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*** This review may contain spoilers ***
Much like the black and white movies of the 40s and 50s that the
characters of "The Last Picture Show" attend, the film itself is one of
shadows and the ever-present contrast between light and dark. In this
film about adolescent sexual awakening, it is only appropriate that the
first sexual encounter in the film take place in a darkened movie
theatre. It is a sad piece of irony that the teenagers of this dead-end
town, seem not to care, or are oblivious to, the escapism movies can
provide. Instead, they utilize the cinema as merely another alternative
to the backseat. The characters here are so confined to their homes,
they seem unaware of the bigger world out there, even in the context of
motion pictures. One of them, Jacy Farrow (Cybill Shepherd in her film
debut), will escape off to college, so we later understand why she is
the quickest to embrace more worldly pastimes, such as the film's
now-notorious salacious pool party.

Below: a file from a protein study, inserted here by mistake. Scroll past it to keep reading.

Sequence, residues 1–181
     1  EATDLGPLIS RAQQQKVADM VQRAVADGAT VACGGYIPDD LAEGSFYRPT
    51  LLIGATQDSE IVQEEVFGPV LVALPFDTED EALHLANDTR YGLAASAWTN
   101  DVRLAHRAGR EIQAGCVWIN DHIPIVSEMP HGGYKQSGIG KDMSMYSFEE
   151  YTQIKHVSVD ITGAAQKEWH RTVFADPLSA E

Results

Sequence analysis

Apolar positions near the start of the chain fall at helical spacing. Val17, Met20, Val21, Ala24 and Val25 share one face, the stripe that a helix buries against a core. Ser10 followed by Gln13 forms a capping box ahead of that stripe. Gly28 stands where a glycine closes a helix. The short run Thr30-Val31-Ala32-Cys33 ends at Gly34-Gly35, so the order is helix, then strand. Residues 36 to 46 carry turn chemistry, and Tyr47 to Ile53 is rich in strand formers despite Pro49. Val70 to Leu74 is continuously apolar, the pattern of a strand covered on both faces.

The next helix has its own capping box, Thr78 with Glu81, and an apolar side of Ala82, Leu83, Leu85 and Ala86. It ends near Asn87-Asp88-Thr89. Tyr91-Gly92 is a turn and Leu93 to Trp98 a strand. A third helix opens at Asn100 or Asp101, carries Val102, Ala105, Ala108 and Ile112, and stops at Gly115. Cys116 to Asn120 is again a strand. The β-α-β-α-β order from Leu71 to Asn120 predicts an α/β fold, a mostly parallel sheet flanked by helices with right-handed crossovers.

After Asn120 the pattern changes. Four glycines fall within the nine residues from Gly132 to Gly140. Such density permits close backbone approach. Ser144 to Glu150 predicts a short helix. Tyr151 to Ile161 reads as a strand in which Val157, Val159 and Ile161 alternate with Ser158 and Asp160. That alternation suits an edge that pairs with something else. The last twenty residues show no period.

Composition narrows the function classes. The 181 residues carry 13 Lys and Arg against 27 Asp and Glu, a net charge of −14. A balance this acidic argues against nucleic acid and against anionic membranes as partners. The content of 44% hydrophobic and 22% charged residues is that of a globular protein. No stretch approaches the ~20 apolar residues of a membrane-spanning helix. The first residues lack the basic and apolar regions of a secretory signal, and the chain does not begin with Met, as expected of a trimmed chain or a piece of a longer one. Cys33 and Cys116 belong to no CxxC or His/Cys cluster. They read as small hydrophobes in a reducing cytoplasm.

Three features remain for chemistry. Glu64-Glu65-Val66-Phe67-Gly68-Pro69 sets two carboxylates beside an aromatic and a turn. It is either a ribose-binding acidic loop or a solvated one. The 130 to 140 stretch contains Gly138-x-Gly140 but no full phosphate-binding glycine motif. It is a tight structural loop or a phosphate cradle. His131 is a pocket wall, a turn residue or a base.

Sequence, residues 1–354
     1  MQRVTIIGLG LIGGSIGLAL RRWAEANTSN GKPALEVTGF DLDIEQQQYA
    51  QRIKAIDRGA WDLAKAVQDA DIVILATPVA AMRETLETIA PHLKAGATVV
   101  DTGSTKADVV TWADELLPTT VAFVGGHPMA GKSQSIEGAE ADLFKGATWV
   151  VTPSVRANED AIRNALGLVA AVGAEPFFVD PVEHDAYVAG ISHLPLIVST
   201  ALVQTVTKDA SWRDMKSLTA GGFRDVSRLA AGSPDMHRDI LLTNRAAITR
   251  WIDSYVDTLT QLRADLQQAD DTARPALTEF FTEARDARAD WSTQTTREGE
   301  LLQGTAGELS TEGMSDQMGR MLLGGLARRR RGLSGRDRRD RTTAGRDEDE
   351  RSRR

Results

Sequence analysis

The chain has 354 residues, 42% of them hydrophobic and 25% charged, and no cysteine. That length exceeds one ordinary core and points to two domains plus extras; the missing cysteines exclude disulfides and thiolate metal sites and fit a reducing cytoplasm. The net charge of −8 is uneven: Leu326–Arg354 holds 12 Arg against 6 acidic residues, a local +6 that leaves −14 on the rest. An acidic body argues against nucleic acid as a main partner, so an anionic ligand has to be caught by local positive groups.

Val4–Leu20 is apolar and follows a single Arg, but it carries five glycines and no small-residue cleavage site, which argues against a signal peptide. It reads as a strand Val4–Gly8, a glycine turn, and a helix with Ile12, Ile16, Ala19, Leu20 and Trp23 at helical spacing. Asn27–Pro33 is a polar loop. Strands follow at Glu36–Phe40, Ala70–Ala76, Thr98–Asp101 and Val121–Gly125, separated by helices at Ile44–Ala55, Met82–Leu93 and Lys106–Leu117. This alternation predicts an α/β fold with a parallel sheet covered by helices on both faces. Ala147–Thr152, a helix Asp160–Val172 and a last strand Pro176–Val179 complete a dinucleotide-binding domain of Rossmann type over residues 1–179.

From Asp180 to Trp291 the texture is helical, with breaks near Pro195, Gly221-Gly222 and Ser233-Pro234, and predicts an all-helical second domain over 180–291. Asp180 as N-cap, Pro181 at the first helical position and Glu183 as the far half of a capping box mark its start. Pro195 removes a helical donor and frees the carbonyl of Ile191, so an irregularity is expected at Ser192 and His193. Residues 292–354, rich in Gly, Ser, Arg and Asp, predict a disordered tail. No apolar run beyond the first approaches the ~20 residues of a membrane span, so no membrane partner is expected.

If the film gets off to a slow start, we forgive it. Surely it is less tedious for the viewers than it is for the residents of the town, who have been forced to endure its monotony for the better part of most of their lives. Particularly saddening is Jacy's mother (Ellen Burstyn), a woman who allows herself to remain trapped by a failed romance and uses alcohol as her escape. It is Cloris Leachman, however, who gives the film's best performance as Ruth Popper, wife of the high school football coach. The resurgence of her sexuality, in the context of an illicit affair with high school athlete Sonny Crawford (Timothy Bottoms), is in a way purer than any of the couplings of the film's adolescent characters. The most heart wrenching moment occurs in a quiet shot of Ruth alone on her bed, all dressed up, but sitting in the knowledge that her lover has abandoned her to become the latest conquest of high school vixen, Jacy.